From: Henry Sommer (firstname.lastname@example.org)
Date: Thu Mar 20 2003 - 03:52:26 EET
How do you get Surfcam to handle STL files? When we ask them about it they
can't do it.
Some cad packages are better at editing imported data than others. Catia,
Imageware and The new version of Pro/e (with some options) can all make non
parametric changes to IGES data. You can modify surfaces ect.
From: email@example.com [mailto:firstname.lastname@example.org]On Behalf Of
Sent: Wednesday, March 19, 2003 10:47 AM
To: email@example.com; firstname.lastname@example.org
Subject: RE: Reverse Engineering
That is a good question. As you said, since scanned data is transferred
to a CAD system as a generic surface model, it will not be a model that
is native to that CAD package and therefore not easily editable.
Although you cannot make parametric changes such as modifying dimensions
and features, you can do some editing such as cutting holes in the
surface, and adding geometry. Typically, if the goal is to create a
complete parametric model in your CAD system, the imported data is used
as a template upon which the native geometry is created. There are,
however, some tools that can make this easier. For example, there is an
add-on for SolidWorks called FeatureWorks that does a good job of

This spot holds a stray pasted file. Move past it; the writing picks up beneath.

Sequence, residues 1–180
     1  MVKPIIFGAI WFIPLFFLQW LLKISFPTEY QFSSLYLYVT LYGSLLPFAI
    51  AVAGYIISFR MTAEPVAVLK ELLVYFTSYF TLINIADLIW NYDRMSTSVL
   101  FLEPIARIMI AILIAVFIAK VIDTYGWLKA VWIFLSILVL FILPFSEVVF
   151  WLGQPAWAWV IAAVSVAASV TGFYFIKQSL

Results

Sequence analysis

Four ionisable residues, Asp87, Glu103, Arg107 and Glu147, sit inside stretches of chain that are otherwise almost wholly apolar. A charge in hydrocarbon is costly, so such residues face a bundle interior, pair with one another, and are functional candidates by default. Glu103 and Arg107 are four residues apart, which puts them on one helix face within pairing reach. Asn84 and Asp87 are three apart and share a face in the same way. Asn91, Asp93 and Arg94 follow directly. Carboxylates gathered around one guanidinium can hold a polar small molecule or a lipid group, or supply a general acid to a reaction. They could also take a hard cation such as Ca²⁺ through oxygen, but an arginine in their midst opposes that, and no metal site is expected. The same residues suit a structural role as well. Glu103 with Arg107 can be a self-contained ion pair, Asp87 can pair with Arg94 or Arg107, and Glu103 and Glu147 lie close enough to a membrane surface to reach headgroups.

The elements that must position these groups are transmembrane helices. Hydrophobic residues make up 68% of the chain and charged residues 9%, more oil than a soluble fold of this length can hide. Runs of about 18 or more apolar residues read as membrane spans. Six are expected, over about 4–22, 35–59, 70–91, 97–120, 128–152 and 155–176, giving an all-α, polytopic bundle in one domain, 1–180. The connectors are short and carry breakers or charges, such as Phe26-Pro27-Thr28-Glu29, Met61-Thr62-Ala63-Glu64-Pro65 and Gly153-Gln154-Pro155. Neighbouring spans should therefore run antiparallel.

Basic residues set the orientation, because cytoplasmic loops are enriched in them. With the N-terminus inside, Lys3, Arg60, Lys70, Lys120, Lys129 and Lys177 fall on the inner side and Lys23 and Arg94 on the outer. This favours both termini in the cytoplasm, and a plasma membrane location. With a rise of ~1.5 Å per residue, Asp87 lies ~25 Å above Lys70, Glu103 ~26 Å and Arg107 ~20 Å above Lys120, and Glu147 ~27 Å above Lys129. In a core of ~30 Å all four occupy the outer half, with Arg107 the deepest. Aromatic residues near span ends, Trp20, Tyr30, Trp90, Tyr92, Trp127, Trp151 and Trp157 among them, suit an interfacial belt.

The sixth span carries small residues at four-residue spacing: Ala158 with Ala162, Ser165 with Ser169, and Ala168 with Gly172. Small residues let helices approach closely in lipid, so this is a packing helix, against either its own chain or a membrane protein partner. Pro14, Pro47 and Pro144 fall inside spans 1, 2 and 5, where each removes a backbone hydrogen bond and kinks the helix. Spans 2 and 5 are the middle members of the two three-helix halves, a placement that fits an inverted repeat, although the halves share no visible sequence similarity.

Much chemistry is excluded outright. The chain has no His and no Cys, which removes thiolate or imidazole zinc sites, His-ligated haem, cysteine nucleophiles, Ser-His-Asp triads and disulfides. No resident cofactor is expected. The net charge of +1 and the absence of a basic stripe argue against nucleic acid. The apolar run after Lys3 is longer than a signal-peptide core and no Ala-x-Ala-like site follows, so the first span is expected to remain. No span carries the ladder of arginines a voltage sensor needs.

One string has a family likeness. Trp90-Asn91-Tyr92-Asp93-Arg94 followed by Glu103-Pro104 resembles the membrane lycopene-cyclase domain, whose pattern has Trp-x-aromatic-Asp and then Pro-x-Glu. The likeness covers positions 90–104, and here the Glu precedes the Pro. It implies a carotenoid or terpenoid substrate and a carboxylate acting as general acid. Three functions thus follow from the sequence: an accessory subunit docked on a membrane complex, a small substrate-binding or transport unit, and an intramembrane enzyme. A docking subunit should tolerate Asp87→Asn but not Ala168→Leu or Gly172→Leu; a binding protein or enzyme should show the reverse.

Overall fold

automatically recognizing geometric features in the generic model and
creating the native features (holes, fillets, extrusions, etc.).
That being said, it is not always necessary to create a completely
native, parametric CAD model from the scanned data, depending on your
use for the data. If it is going to be used to program a CNC machine to
create the part, a generic surface model in IGS format is typically
sufficient for most CAM software that toolmakers use (assuming the
surface model represents what you want to be built, and doesn't need
modification). Additionally, some toolmakers are now simply using an
STL file (polygon mesh) to create a program (using a CAM software such
as SurfCAM), which is much simpler to create from scan data and
eliminates the need to create a NURBS surface.
On a related note, you can use a manual touch probe digitizer (FaroArm,
Microscribe) to reverse engineer a part DIRECTLY into many CAD packages
including SolidWorks, thereby giving you a completely editable model.
However, there are some tradeoffs between this process and other types
of scanning, depending on the nature of parts you are reverse
I hope this is helpful. I'm sure there is more information on this
topic that others can provide - I look forward to hearing other input.
3D Output, Inc.
p (312) 787-0359
f (312) 577-0510
From: email@example.com [mailto:firstname.lastname@example.org] On
Behalf Of Bruce E. LeMaster
Sent: Monday, March 17, 2003 4:03 PM
To: RP-ML (E-mail)
Subject: Reverse Engineering
We have recently had a part scanned, tweaked, and provided back to us as
a SolidWorks file. The geometry is perfect but it's a dumb solid. Our
customer is trying to modify the part (i.e.. add bosses, thicken
sections, make a few cuts, etc. ) but is not having any luck.
My question is directed at those who do this type of work on a regular
bases. How do you go about working with the "dumb solid" in-lieu of a
fully parametric solid? Are there tricks to working with the "dumb
solid" that has been imported back into the CAD package that allow for
meaningful data to be sent to tool makers?
Thanks in advance for you suggestions.
Bruce E. LeMaster
Applied Rapid Technologies Corporation
265 Cambridge Street, Suite 100
Fredericksburg, Virginia 22405
(540)371-1100 / (540)371-4100 fax
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